The correctors can be made from multipole elements and TEAM has demonstrated that two types, hexapole and quadrupole-octopole, will compensate for spherical aberration. A quadrupole-octopole corrector can then also be the basis for a chromatic aberration corrector.
More resolution gains are made by using techniques that increase the stiffness of the microscope's mechanical column and reduce electromagnetic instabilities by stabilizing fields to an accuracy of about 100 parts per billion. To then reach closer to the resolution limit, a computational iterative mechanical alignment is used.
The TEAM work is being advanced by four US laboratories (the Lawrence Berkeley National Laboratory, the Argonne National Laboratory, the Oak Ridge National Laboratory and the Frederick Seitz Materials Research Laboratory at the University of Illinois, Urbana-Champaign) and two manufacturers, FEI of the US and CEOS of Germany.
Bonnell also cited recent advances in synchroton radiation technology that have allowed observation of attosecond snapshots of electronic disturbances in water produced by diffusing gold ions. That implies improvements in available in brightness ahead of those being achieved in microelectronics under Moore's Law.
The underlying message is clear - to get to the level of knowledge we need, the tools for the job will be primarily electronic.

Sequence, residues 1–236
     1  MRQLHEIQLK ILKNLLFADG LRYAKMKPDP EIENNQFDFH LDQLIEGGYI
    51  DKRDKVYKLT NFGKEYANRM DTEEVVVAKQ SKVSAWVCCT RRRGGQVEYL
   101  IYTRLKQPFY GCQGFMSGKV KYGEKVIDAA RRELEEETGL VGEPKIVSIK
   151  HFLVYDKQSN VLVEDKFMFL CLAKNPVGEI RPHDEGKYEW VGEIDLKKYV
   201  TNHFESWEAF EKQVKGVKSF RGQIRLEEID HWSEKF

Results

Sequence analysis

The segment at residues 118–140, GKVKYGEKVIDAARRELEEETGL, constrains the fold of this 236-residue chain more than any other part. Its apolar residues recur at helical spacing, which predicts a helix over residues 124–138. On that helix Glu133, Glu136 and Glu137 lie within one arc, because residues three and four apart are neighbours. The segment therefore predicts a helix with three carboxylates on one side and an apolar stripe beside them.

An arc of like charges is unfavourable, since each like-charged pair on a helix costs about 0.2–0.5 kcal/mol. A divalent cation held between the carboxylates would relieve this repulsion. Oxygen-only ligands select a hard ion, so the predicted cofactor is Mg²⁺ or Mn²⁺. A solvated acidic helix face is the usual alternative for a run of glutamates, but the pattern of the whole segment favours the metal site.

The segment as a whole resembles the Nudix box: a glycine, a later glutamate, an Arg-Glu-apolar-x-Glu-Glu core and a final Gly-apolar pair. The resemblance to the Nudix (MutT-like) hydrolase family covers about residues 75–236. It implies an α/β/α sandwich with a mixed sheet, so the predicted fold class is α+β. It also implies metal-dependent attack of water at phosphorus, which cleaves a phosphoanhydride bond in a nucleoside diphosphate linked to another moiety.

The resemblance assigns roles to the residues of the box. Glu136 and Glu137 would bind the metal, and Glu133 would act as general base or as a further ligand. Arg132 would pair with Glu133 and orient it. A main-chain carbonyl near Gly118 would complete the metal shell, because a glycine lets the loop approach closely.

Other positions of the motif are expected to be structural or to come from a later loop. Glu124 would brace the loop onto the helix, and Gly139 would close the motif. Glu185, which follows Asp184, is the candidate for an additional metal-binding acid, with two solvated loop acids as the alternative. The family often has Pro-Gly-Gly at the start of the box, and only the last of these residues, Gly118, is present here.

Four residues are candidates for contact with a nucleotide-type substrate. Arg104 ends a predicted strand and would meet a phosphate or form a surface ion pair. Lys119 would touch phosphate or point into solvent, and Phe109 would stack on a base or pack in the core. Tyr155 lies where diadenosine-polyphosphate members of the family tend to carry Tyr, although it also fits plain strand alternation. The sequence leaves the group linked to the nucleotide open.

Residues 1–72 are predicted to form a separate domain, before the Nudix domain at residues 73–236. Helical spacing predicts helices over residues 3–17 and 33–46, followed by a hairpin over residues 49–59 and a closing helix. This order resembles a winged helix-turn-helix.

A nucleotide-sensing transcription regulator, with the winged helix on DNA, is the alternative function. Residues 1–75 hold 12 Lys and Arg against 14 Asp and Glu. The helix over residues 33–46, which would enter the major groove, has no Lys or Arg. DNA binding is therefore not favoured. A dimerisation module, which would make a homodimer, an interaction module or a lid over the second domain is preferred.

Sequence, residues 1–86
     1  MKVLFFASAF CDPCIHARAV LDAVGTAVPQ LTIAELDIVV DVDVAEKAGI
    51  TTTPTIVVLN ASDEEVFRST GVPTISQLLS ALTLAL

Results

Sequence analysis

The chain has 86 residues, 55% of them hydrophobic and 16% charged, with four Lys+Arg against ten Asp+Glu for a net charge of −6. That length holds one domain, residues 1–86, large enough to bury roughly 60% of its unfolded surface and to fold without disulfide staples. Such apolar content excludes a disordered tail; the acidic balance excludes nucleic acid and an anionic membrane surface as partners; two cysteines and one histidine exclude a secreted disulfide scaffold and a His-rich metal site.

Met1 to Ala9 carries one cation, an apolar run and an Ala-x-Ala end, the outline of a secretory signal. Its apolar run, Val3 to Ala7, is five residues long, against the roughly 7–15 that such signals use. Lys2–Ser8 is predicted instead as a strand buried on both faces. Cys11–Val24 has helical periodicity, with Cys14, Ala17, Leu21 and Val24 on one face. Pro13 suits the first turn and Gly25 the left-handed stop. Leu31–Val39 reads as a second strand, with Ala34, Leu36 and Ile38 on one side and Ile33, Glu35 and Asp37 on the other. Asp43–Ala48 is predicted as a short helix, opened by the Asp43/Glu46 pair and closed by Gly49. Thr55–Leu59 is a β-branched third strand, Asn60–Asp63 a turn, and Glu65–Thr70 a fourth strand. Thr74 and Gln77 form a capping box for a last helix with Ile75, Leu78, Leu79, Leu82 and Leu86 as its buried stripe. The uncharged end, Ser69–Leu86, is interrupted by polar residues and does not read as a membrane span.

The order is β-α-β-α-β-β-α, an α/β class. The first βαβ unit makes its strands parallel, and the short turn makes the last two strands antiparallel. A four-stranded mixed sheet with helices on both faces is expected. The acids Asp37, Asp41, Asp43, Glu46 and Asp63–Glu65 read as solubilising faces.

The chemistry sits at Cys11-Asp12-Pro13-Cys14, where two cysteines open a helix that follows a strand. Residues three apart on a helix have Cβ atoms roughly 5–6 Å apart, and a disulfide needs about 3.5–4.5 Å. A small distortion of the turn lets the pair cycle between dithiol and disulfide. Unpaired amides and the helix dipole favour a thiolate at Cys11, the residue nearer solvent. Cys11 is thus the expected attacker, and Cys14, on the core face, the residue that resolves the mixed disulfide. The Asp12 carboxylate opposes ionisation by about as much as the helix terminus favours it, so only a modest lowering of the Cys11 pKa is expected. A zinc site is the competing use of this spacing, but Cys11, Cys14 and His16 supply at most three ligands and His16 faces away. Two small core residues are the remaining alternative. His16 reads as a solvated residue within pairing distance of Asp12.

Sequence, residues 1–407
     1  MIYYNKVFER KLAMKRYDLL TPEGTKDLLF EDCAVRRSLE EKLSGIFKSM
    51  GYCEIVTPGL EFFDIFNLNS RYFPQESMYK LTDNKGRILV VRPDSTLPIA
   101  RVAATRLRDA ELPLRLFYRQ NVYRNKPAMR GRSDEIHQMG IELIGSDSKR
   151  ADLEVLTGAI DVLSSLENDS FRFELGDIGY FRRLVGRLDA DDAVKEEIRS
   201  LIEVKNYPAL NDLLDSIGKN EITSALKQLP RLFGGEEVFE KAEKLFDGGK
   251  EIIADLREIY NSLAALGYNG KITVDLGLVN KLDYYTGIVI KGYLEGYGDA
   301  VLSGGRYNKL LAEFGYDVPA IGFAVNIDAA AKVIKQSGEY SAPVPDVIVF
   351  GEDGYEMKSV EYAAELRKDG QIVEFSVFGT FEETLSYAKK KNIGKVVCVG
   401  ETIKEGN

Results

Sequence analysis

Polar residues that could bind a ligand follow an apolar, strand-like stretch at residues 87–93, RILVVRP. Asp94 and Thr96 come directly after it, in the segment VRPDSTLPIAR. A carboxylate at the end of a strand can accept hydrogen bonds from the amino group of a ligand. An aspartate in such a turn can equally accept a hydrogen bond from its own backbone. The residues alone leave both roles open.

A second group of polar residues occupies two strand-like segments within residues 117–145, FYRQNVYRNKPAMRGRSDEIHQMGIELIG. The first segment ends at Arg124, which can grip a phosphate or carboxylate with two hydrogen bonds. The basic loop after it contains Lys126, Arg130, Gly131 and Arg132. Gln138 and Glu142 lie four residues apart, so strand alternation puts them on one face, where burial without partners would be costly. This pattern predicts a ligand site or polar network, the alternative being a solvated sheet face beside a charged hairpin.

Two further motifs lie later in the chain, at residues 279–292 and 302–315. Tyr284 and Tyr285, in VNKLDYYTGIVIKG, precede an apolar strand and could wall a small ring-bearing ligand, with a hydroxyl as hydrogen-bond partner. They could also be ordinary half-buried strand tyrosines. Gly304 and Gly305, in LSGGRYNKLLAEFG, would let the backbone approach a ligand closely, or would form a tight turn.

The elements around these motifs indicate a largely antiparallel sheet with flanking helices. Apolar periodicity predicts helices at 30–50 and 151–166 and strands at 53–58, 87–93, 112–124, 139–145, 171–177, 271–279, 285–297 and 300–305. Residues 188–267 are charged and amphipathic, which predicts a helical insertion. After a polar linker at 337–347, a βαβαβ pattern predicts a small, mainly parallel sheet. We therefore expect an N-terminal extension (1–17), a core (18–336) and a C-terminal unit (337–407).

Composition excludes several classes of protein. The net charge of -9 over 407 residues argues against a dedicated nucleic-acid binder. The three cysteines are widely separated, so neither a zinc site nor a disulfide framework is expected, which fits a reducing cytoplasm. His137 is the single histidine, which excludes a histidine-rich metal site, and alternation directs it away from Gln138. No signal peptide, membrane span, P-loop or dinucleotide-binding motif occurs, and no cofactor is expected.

Electronics has taken more steps into the world of nanotechnology than any other industry. Inevitably, it is going to be one of the sector's great enablers. Beyond its importance to metrology, Dr James Munday of the University of South Carolina added that it also offers opportunities for reuse, particularly in manufacturing.
"One way to exploit the work of the semiconductor industry is that they leave behind many technologies that have been amortised but which can be coupled now into areas such as healthcare," he said.
But in electronics-specific terms, Dr Jeffrey Welser, director of the Nanoelectronics Research Initiative, offered an intriguing view into how it can also push manufacturing further. For example, as lithography for chip fabrication hits roadblock after roadblock, he suggested that the traditional top down approach could be used down to 10nm but then combined with bottom-up self-assembly to reach 1nm.
However, his main theme was that a 'systems-based' shift in thinking is required if the sector is to exploit much hyped materials and concepts like spintronics and magnetic tunneling.
"We need," he said, "increased focus on utilizing new nanoscale physics for device functionality rather than just fighting those physics to continue current device scaling."
Architectures will change, carbon will play a greater role and the applications driving that system thinking will increasingly move beyond the traditional world of information technology into sensors, energy, medicine and more complex mobile devices. All that then will be enabled by more multi-disciplinary design practices.
"Microelectronics was the economic driver of the last half of the 20th Century; nanoelectronics is poised to drive the first half of the 21st," Welser said.